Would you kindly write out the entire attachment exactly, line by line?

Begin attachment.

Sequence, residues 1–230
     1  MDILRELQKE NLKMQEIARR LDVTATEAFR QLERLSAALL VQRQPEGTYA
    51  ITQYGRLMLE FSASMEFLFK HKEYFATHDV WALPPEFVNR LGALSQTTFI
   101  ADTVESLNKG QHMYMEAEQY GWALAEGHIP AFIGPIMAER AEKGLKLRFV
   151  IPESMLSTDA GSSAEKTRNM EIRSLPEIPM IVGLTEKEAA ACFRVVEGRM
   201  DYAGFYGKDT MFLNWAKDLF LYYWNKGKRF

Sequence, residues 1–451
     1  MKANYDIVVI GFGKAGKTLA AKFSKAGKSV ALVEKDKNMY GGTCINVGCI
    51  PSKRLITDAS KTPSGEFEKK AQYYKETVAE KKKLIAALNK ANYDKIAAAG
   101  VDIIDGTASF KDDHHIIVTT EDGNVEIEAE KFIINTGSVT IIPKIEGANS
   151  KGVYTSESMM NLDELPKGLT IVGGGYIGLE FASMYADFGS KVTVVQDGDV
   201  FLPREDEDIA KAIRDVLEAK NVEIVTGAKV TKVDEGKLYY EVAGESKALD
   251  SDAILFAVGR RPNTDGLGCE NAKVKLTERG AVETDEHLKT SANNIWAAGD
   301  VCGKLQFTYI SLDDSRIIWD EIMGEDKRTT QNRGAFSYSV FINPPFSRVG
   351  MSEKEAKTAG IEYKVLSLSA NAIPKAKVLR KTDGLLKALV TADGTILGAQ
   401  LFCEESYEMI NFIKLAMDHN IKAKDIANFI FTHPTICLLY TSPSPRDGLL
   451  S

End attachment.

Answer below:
Sequence, residues 1–230
     1  MDILRELQKE NLKMQEIARR LDVTATEAFR QLERLSAALL VQRQPEGTYA
    51  ITQYGRLMLE FSASMEFLFK HKEYFATHDV WALPPEFVNR LGALSQTTFI
   101  ADTVESLNKG QHMYMEAEQY GWALAEGHIP AFIGPIMAER AEKGLKLRFV
   151  IPESMLSTDA GSSAEKTRNM EIRSLPEIPM IVGLTEKEAA ACFRVVEGRM
   201  DYAGFYGKDT MFLNWAKDLF LYYWNKGKRF

Sequence, residues 1–451
     1  MKANYDIVVI GFGKAGKTLA AKFSKAGKSV ALVEKDKNMY GGTCINVGCI
    51  PSKRLITDAS KTPSGEFEKK AQYYKETVAE KKKLIAALNK ANYDKIAAAG
   101  VDIIDGTASF KDDHHIIVTT EDGNVEIEAE KFIINTGSVT IIPKIEGANS
   151  KGVYTSESMM NLDELPKGLT IVGGGYIGLE FASMYADFGS KVTVVQDGDV
   201  FLPREDEDIA KAIRDVLEAK NVEIVTGAKV TKVDEGKLYY EVAGESKALD
   251  SDAILFAVGR RPNTDGLGCE NAKVKLTERG AVETDEHLKT SANNIWAAGD
   301  VCGKLQFTYI SLDDSRIIWD EIMGEDKRTT QNRGAFSYSV FINPPFSRVG
   351  MSEKEAKTAG IEYKVLSLSA NAIPKAKVLR KTDGLLKALV TADGTILGAQ
   401  LFCEESYEMI NFIKLAMDHN IKAKDIANFI FTHPTICLLY TSPSPRDGLL
   451  S